(1874–1956), financier and steel magnate. Born in humble circumstances on New Brunswick's North Shore, young Dunn forsook the declining fortunes of Atlantic Canada, taking with him only a strong Presbyterian will to succeed. Like childhood friends Max Aitken and Richard Bennett, Dunn discerned that power emanated from the metropolitan centres that oversaw Canada's economic successes in the Laurier years. A Dalhousie law degree (1898) opened the way to the art of business promotion, first in Edmonton, then in Canada's financial capital, Montreal. Marriage into the lumber-rich Price family and a seat on the Montreal Stock Exchange positioned Dunn on the threshold of finance capitalism with lavish profits skimmed off heady industrial development. Dunn flourished in the cutthroat world of transatlantic finance and was by 1906 a merchant banker in London. Adept at arbitrage and market manipulation, he was soon a millionaire and a prince of promotion, underwriting cutting-edge technologies ranging from ‘artificial silk’ to hydroelectric power. Sybaritic social and sexual indulgence, political influence, and a wartime baronetcy followed. When the Depression undermined finance capitalism, Dunn returned home and unscrupulously gained control of Algoma Steel, Canada's second-largest steelmaker, in Sault Ste Marie. From 1935 to his death, he dictatorially ruled Algoma, using the hothouse economy of war and post-war boom to modernize its plant and expand its wares. Although much favoured by C. D. Howe, Dunn was a last breath of Carnegie-style capitalism in Canada—flinty and religiously laissez-faire. Thrice married, Dunn left an estate of $70 million, duties on which were used to establish the Canada Council.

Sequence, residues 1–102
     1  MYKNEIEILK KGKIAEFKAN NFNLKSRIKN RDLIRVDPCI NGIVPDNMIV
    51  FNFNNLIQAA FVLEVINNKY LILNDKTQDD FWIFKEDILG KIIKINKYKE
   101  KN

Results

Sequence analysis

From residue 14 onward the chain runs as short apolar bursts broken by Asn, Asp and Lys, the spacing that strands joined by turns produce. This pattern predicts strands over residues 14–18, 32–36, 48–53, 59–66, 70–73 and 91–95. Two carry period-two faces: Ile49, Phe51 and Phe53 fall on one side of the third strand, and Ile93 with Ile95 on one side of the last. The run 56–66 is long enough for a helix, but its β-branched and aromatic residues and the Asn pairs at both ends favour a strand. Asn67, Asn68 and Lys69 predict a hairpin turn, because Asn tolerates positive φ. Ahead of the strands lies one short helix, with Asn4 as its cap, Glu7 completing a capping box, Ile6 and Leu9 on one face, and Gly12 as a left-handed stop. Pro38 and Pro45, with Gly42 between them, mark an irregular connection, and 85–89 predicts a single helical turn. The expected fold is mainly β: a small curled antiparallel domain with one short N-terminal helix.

From The Oxford Companion to Canadian History in Oxford Reference.
Subjects: History of the Americas.